A: We do not find such a prohibition (And Ha-Rav Elchanan Printz, author of Shut Avnei Derech, wrote us: "There is no problem".  And an important Torah scholar wrote us: "How fortunate are we that one is so sensitive to the holiness of Yerushalayim").

Abba or Ha-Rav
Q: My father is a Rav.  Should I call him Abba or Ha-Rav?
A: Abba.

Torah Scholar and Tzadik
Q: What is the definition of a Torah scholar?
A: It depends on the generation and the location.
Q: What is the definition of a Tzadik?
A: One who fulfills all of the Halachot.  See Mesilat Yesharim Chapters 2-9.

Sefer Torah Written by Robot
Q: Is a Sefer Torah written by a robot considered Kosher?
A: No.  A man must write it, and with proper Kavanah.  This is unlike Matzah or Tzitzit, which also require being made with proper Kavanah, but do not need to be fully made by man (See here:  https://www.youtube.com/watch?v=QAyelh_VXUA).

Blood Donation from One Who Eats Non-Kosher Food
Q: Is there a problem to receive blood from someone who eats non-kosher food?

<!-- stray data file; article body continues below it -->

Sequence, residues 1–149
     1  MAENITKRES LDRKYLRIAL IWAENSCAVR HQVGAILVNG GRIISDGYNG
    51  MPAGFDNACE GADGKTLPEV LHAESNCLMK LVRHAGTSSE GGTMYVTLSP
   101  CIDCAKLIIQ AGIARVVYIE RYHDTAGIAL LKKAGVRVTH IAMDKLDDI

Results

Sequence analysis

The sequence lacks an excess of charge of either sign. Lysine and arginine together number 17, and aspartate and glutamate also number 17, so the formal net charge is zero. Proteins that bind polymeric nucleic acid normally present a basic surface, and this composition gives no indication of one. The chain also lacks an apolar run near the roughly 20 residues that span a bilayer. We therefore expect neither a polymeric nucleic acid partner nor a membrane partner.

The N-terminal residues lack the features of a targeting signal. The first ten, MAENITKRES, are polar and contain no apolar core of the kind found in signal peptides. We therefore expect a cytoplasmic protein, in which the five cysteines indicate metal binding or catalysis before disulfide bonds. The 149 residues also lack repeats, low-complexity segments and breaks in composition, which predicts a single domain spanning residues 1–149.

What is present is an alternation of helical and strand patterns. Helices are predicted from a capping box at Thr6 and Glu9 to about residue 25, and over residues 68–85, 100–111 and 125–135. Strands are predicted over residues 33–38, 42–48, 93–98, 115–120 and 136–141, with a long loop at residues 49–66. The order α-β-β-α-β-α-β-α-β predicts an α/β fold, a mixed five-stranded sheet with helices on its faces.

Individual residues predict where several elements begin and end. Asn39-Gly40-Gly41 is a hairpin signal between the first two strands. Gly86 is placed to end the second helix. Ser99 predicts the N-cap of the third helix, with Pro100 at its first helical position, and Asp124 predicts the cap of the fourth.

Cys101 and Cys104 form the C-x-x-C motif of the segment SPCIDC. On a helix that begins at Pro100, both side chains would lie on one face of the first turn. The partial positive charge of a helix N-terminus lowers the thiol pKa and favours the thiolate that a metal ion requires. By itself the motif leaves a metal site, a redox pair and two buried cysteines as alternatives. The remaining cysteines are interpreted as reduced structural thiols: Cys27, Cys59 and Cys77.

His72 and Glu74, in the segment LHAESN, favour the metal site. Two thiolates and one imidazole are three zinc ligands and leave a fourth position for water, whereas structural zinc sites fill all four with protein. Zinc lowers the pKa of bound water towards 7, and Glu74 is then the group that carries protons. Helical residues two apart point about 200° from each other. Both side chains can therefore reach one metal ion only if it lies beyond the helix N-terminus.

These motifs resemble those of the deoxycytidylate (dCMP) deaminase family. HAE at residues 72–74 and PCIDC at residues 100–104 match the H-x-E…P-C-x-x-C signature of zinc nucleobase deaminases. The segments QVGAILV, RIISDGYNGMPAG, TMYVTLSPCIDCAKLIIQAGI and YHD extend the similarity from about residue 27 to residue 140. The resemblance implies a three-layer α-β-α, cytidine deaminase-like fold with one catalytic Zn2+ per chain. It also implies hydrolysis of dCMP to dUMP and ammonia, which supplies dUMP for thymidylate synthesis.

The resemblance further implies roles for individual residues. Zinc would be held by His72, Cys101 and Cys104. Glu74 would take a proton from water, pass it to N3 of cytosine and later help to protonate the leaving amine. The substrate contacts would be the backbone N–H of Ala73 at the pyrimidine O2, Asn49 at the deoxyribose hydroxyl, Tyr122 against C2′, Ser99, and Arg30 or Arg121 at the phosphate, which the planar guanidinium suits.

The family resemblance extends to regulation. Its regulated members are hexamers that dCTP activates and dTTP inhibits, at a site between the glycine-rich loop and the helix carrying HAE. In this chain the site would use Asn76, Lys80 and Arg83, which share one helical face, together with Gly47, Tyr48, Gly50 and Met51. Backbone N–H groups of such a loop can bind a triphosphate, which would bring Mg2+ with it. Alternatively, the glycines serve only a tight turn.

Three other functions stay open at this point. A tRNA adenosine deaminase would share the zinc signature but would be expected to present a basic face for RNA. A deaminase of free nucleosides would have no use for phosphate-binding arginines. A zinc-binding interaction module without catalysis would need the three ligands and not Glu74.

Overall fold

A: No.  Blood is not food.  It is also permissible to have a transplant from a non-Kosher animal.
Q: Then why shouldn't a baby nurse from a woman who ate non-Kosher food (Rama and Gra, Yoreh 81:7)?
A: 1. It is a stricture.  2. It is food.

Expulsion from Gush Katif
Q: What was the basis of Ha-Rav supporting the expulsion from Gush Katif?  "Dina De-Malchuta Dina – the law of the land is the law"?
A: The general principle "The law of the land is the law" does not apply when it contradicts the Torah.  The expulsion was a severe prohibition.  This is what I, the lowly one, said then and still say now.  I wrote 20 articles in the weekly Parashah sheets and gave approximately 100 classes about it.  It seems you have mixed me up with someone else.  Be-Ezrat Hashem, we will return to Gush Katif.